We have a production issue where MySQL has started spitting InnoDB corrupt page errors and falling over.

The error message seem to relate to indexes so I assume the data itself is ok and when I restarted the server with innodb_force_recovery=1 I was able to dump the lot using mysqldump.

However, re-importing hasn't fixed the error, dropping/recreating the database didn't help either and I've even gone as far as moving the innodb files out the way and letting MySQL recreate them before re-importing.

No joy, corruptions keep re-occuring within a few minutes and the server dies again.

The weird thing is the database is a mix of ISAM and InnoDB tables and I had a couple of errors in the ISAM tables as well on some attempts.

Is this likely to be something data-related, something corrupt deeper in MySQL that isn't cleared by the above or signs of a hardware fault underneath it all?

EDIT: This is Mysql 5.0.51 running on Ubuntu 8.04

2 Answers 2


Paolo, can you please provide the mysql error log? If one isn't available, you can add one by adding this line to your my.cnf file



One possible idea to narrow down your research.

You already know how to remove the ibdata and iblog files to create new ones. If you just want to test your mysql installation.

  1. Remove the Innodb_force_recovery or comment it out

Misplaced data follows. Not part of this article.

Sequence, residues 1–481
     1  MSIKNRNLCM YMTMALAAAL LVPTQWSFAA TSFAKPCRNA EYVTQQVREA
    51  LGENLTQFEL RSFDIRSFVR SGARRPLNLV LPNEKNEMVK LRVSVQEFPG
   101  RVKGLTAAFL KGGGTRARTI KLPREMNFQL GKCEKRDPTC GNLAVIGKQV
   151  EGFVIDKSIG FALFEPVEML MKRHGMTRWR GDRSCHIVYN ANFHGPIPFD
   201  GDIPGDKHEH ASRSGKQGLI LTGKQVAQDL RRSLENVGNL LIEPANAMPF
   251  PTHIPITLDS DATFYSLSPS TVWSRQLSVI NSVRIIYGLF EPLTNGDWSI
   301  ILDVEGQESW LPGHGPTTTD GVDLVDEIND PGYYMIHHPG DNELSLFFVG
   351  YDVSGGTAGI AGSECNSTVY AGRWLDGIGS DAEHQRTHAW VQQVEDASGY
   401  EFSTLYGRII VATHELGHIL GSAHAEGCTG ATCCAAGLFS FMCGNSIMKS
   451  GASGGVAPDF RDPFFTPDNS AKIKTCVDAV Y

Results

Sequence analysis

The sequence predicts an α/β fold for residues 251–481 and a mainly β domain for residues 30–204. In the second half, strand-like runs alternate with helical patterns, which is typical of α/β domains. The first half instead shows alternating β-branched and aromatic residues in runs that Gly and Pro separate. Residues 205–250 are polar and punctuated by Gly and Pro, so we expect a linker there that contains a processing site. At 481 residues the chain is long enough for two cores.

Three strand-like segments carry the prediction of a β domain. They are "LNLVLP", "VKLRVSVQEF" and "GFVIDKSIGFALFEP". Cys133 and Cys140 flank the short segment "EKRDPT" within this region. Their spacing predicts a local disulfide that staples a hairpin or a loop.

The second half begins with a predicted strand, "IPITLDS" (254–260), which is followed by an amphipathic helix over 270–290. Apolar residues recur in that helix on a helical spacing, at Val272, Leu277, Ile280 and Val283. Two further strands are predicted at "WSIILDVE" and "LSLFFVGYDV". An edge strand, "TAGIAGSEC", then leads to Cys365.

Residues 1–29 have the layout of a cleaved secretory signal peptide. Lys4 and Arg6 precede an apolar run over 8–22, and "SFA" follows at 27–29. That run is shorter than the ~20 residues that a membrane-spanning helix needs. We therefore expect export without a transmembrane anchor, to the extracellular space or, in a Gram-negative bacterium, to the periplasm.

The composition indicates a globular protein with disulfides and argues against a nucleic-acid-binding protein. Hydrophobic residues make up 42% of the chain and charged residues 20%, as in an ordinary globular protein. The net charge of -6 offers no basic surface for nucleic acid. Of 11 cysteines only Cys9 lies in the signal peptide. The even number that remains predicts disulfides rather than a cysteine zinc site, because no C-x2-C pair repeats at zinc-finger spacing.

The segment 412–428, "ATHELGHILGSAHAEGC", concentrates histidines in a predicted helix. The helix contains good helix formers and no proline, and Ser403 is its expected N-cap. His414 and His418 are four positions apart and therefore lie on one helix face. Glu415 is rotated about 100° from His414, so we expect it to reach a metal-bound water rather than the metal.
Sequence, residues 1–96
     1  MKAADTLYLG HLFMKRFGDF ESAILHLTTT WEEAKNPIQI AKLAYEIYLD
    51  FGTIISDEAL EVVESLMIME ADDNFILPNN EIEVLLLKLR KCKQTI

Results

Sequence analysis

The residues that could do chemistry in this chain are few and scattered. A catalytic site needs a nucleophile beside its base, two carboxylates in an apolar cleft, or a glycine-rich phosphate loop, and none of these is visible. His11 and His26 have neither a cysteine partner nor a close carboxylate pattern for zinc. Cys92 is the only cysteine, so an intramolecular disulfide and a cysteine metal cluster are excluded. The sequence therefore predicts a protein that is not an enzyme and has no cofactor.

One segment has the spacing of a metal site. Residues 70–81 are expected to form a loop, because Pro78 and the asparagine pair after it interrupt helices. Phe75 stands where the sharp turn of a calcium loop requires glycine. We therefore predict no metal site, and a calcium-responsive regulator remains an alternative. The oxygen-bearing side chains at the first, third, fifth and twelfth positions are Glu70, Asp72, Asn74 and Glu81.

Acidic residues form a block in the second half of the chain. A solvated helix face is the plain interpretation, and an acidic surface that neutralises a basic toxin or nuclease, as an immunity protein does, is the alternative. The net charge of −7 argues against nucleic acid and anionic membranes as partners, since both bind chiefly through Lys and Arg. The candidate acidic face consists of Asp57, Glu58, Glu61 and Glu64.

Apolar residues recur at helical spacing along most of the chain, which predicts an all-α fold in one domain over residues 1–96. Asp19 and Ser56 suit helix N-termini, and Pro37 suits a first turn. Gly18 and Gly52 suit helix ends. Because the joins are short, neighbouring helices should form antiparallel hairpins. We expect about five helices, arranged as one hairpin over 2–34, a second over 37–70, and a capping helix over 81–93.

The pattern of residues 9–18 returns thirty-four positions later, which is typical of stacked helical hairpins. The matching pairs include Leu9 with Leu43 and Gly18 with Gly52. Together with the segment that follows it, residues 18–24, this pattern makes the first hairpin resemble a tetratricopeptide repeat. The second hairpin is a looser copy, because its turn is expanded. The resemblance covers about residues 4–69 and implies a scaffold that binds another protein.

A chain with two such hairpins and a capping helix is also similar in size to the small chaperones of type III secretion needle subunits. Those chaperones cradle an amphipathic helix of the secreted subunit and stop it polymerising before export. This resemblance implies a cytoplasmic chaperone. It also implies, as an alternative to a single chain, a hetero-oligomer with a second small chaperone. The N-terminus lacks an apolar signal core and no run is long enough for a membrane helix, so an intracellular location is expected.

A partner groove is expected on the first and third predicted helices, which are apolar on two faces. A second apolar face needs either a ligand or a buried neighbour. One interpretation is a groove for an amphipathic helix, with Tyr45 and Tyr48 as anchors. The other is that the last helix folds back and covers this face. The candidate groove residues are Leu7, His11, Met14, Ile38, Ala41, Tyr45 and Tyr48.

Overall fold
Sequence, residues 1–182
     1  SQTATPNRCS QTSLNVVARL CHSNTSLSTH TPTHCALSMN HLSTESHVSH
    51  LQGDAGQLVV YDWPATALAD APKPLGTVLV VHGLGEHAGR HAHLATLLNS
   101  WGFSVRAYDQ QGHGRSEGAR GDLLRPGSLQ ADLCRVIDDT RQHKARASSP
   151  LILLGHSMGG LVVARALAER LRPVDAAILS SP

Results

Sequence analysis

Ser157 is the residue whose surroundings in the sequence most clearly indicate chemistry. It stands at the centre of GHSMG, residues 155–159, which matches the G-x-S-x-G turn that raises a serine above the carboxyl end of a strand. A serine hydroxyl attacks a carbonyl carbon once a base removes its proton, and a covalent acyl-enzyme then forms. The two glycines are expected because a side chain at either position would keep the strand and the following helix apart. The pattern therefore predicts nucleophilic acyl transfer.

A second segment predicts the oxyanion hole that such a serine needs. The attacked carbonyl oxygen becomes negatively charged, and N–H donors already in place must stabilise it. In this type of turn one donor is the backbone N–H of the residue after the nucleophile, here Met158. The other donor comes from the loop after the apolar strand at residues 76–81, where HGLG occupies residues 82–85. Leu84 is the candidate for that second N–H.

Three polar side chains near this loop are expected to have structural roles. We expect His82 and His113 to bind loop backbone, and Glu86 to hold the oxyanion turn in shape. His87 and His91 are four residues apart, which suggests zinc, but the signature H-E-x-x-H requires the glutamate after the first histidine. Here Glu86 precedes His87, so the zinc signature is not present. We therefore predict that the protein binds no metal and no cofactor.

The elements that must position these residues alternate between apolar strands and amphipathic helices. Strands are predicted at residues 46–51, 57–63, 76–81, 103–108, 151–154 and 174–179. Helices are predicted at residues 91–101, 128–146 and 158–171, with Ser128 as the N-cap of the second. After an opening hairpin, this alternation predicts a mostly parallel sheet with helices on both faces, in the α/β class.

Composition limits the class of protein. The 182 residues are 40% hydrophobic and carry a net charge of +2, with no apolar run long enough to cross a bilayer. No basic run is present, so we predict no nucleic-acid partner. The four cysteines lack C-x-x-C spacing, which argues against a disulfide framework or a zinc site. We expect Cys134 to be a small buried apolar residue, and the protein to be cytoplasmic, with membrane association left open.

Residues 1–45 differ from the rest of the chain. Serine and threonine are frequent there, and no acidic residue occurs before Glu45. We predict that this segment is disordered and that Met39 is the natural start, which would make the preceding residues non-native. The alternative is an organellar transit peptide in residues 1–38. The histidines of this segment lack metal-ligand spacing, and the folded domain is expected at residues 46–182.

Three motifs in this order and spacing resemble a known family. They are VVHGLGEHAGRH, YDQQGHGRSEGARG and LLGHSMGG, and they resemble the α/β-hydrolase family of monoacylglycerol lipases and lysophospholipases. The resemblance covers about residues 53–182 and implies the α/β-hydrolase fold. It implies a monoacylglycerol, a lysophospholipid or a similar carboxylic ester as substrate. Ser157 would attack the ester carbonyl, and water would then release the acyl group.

2. Backup your databases : mysqldump --all-databases -u root -p | gzip -9 > all_databases.sql.gz
  3. Move your MySQL data directory somewhere else: mv /var/lib/mysql{,.bak}
  4. Create a new MySQL data directory: mkdir /var/lib/mysql
  5. Give rights to the MySQL user: chown -R mysql:mysql /var/lib/mysql
  6. Start MySQL: /etc/init.d/mysql start
  7. Run a tail -f on the mysql log you added to my.cnf: tail -f /var/log/mysql/mysql.err

If MySQL isn't running then something else on the system level isn't right. As Gopinath's link mentionned. Is there enough disk space: df -h and inodes: df -i? Is you file system healthy? A system reboot or using fsck on the disk partition where MySQL is installed, would detect and possibly fix file system problems.

If MySQL comes back, then you can restore your databases:

zcat all_databases.sql.gz | mysql -u root -p

Send us the logs after completing the steps I sent, and we'll take it from there.


Hi Paolo might be issue with the innodb_force_recovery=1 which you has used in force recovery. try using value 4. There might be some back ground process running. With innodb_force_recovery=4 value set to 4, No background process is allowed to modify the database so that we can safely do the recovery process.

Please follow the below link for in detail :


  • Thanks. Have tried upping the recovery level as suggested, still not happy. Now server has died entirely so I'm feeling fairly convinced this is all the result of an underlying hardware issue at the hosting company :(
    – Paolo
    Oct 25, 2011 at 9:08

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